PCOS, diabetes, woman with shaving cream on face holding razor

PCOS (polycystic ovary syndrome) is a hormonal imbalance that affects 6 to 12 percent of women of reproductive age in the United States. It causes symptoms such as fertility problems, excess hair growth, irregular periods, and insulin resistance. Though the cause of PCOS is not known, possible factors could be excess androgren (or male hormone), genetics, and low-grade inflammation.

Symptoms of PCOS

The symptoms of PCOS include:

  • Irregular periods or no periods
  • Heavy or painful periods
  • Excessive hair growth
  • Acne
  • Weight gain or obesity
  • Fertility problems
  • Waist larger than 35 inches
  • Dark patches of skin in folds

PCOS, symptoms, polycystic ovary syndrome, diabetes

Other complications can include miscarriage, liver inflammation, metabolic syndrome, sleep apnea, and depression.

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Pregnancy and PCOS

It is possible to become pregnant with PCOS through hormonal or fertility treatments. After pregnancy, many women with PCOS find that their periods become regular and they can get pregnant again without fertility treatments.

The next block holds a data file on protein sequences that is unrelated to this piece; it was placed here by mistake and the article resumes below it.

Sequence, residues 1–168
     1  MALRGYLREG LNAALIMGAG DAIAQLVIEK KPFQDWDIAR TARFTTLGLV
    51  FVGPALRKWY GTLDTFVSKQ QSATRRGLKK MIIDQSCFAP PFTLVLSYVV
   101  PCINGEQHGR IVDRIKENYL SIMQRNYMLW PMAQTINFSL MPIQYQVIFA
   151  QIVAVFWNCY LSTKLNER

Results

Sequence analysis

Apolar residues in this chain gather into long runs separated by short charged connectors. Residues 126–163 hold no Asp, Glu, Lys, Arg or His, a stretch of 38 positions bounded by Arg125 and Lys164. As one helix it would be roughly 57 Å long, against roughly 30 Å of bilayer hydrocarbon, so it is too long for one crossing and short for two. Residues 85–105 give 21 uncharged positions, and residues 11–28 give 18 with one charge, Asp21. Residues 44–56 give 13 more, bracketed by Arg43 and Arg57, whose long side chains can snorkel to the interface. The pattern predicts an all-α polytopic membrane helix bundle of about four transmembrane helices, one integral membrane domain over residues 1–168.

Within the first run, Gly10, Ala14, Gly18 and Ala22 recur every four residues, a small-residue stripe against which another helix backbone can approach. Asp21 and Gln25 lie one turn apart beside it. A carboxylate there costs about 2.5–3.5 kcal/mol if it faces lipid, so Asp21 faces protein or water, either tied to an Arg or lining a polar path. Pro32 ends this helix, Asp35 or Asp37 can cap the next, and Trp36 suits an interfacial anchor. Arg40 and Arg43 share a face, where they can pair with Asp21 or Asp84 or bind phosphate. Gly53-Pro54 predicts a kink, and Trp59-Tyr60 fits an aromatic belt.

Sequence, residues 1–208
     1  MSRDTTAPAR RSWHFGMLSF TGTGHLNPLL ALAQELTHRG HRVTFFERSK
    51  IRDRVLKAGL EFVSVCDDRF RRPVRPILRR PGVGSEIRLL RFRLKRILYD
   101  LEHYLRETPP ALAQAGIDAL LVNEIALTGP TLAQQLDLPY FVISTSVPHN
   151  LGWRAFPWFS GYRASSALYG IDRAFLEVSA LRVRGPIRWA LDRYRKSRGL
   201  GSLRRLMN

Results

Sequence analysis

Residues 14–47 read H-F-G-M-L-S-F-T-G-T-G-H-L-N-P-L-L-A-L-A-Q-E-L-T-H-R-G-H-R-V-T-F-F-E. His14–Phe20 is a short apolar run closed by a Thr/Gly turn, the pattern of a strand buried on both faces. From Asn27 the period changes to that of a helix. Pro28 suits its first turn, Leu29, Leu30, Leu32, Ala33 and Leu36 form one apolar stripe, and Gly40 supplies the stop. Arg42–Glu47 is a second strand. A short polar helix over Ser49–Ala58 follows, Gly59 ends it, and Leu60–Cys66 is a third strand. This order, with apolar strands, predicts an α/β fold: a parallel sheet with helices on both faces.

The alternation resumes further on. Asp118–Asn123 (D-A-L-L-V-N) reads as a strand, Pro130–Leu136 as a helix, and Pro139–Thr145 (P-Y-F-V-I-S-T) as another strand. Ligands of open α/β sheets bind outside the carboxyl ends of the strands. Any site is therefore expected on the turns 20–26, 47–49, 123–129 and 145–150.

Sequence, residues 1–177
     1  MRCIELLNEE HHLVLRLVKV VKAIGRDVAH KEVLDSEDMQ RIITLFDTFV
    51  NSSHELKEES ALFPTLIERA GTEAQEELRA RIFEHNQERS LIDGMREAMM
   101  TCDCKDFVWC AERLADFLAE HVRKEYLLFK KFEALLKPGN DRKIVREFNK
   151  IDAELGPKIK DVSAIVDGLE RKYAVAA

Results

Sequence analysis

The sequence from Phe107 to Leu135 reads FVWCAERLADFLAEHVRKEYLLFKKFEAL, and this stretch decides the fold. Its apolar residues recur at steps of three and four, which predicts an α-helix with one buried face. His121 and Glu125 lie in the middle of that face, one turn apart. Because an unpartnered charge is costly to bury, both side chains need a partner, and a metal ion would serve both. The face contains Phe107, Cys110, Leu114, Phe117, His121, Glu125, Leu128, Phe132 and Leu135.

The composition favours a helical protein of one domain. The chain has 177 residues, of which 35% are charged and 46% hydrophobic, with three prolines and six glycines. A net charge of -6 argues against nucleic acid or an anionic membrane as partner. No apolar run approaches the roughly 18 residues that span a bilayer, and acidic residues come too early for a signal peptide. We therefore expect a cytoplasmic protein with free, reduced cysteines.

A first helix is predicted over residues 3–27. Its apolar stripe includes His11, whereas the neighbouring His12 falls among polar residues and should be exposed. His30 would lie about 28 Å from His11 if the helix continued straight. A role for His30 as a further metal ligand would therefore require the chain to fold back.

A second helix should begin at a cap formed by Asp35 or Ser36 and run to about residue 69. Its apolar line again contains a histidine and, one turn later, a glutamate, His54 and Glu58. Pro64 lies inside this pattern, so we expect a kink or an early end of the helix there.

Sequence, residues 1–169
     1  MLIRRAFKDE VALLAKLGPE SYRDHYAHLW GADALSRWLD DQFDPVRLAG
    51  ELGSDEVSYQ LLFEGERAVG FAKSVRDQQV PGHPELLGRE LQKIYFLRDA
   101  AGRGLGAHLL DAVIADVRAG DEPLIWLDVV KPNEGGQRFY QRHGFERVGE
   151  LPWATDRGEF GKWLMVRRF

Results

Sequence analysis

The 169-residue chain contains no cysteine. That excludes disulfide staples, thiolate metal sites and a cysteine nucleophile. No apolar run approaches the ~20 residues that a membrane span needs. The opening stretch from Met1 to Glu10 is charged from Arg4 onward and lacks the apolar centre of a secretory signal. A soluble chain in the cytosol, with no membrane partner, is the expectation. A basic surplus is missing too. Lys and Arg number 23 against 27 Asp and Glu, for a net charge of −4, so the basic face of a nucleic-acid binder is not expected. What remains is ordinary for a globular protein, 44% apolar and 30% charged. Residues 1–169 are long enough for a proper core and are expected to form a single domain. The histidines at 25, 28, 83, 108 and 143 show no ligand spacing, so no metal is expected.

If you do get pregnant with PCOS, be sure to get screened for gestational diabetes.

PCOS diagnosis

A doctor can diagnose PCOS by doing an ultrasound on the ovaries. If the ovaries appear to have many follicles on them, then the woman has PCOS. Many tiny follicles clump together on the ovaries to form “cysts”. Eggs mature within the follicles, but the follicles don’t release them into the uterus for fertilization as they normally would.

You doctor may also run blood tests to check your hormone levels, as PCOS causes high levels of testosterone.

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PCOS and Diabetes

What’s the connection between PCOS and diabetes?

It has long been thought that there is a connection between diabetes and PCOS. Polycystic ovary syndrome is a big risk factor for developing diabetes. Women with PCOS are also at greater risk for heart problems later in life.

The insulin resistance that happens in PCOS can lead to a disruption of the endocrine system, leading to type 2 diabetes. Women with PCOS are four times more likely to develop type 2, and also tend to develop diabetes earlier that those without it.

If you have PCOS, you should watch your diet and develop an exercise routine. Also, it’s important to get screened for diabetes often.

Women with polycystic ovary syndrome are at risk for both type 1 and type 2 diabetes. Talk to your doctor about what treatments will work best for you.

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Joan Biddle
Joan Biddle is a Content Developer at Diabetic Nation. Her years of editing, research and writing allow her to create detailed, reliable articles that help people navigate complicated topics. She enjoys movies, reading, poetry and art.